Our Flag Was Still There

UC Irvine didn't ban the flag, and the students who tried to do so (before being vetoed) wanted only to keep the flag out of one small area. But that was all before the story went viral.

March 9, 2015
(U. of California at Irvine)

The news spread quickly on Friday, particularly on conservative news sites. From Breitbart, for example (accompanied by a photo of an upside-down flag, the signal of dire distress): "UC Irvine Student Gov. Bans American Flag from ‘Inclusive’ Space."

As it turns out, the flag wasn't in fact banned. And while a legislative committee of the student government tried for a ban, it would have applied only to the lobby outside student government offices. And by late Saturday afternoon, that effort had been quashed.

But in part because of rhetoric in the resolution (and people perhaps not reading the limited space covered by the resolution), the story went viral, infuriating many Irvine alumni and others, and kept plenty of Irvine administrators busy.

The resolution on the ban was passed, 6 to 4, by the Legislative Council of the student government. Among the highlights of the resolution were statements that "the American flag has been flown in instances of colonialism and imperialism," that the student government offices should be "inclusive," that some people don't feel included by the U.S. flag and that "freedom of speech, in a space that aims to be as inclusive as possible, can be interpreted as hate speech."

But the resolution applied only to the Associated Students' main lobby space.

While the Legislative Council did pass that resolution, it was vetoed Saturday by the student government's Executive Cabinet. The group issued a statement after its action in which it noted that the flag represents the constitutional freedoms that permit student government and others to express views on any number of issues.

"As students in an academic institution we encourage all students on campus to participate in open debate about a wide array of issues and to actively engage in academic curiosity, which lies at the backbone of a preeminent academic research institution. It is this freedom to be able to navigate and explore topics on a wide range of issues that we see at risk if we begin to engage in a particular form of regulation of free speech and its expression through symbols in any space associated with our organization," the statement said.

Via e-mail, the student who proposed to ban the flag from student government offices declined to comment, saying that he could not talk because "the media has grossly misrepresented our stance."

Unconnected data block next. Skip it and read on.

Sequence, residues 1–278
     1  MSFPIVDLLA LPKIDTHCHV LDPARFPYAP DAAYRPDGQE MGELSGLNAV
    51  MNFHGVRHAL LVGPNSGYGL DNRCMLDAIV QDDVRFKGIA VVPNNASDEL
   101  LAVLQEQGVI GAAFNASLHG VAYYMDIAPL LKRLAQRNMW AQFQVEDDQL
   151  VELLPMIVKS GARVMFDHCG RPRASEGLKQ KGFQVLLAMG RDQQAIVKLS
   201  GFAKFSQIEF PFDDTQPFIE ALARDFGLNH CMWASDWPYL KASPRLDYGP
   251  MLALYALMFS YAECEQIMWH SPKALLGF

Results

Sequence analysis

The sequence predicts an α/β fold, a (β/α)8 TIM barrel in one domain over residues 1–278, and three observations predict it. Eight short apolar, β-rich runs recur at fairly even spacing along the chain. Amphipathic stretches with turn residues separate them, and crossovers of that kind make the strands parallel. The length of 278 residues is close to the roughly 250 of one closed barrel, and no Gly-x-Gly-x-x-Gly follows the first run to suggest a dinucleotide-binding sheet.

The university, prior to the veto vote, issued a statement condemning the resolution as "misguided." The statement added: "We hold the value of intellectual inquiry and the free and rigorous exchange of ideas as bedrock values of institutions of higher education. And yet, we are constantly reminded that those values we cherish are, in part, guaranteed by the sacrifices made and the struggles waged to secure the freedom and democracy that the flag symbolizes. UCI never takes that for granted."

Despite such statements, Irvine has been taking quite a lot of criticism on social media (some of it from its own alumni).

By Saturday, however, on Irvine's Facebook and home page, viewers could see the U.S. flag flying outside the administration building.

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Scott Jaschik

Scott Jaschik, Editor, is one of the three founders of Inside Higher Ed. With Doug Lederman, he leads the editorial operations of Inside Higher Ed, overseeing news content, opinion pieces, career advice, blogs and other features. Scott is a leading voice on higher education issues, quoted regularly in publications nationwide, and publishing articles on colleges in publications such as The New York Times, The Boston Globe, The Washington Post, Salon, and elsewhere. He has been a judge or screener for the National Magazine Awards, the Online Journalism Awards, the Folio Editorial Excellence Awards, and the Education Writers Association Awards. Scott served as a mentor in the community college fellowship program of the Hechinger Institute on Education and the Media, of Teachers College, Columbia University. He is a member of the board of the Education Writers Association. From 1999-2003, Scott was editor of The Chronicle of Higher Education. Scott grew up in Rochester, N.Y., and graduated from Cornell University in 1985. He lives in Washington.

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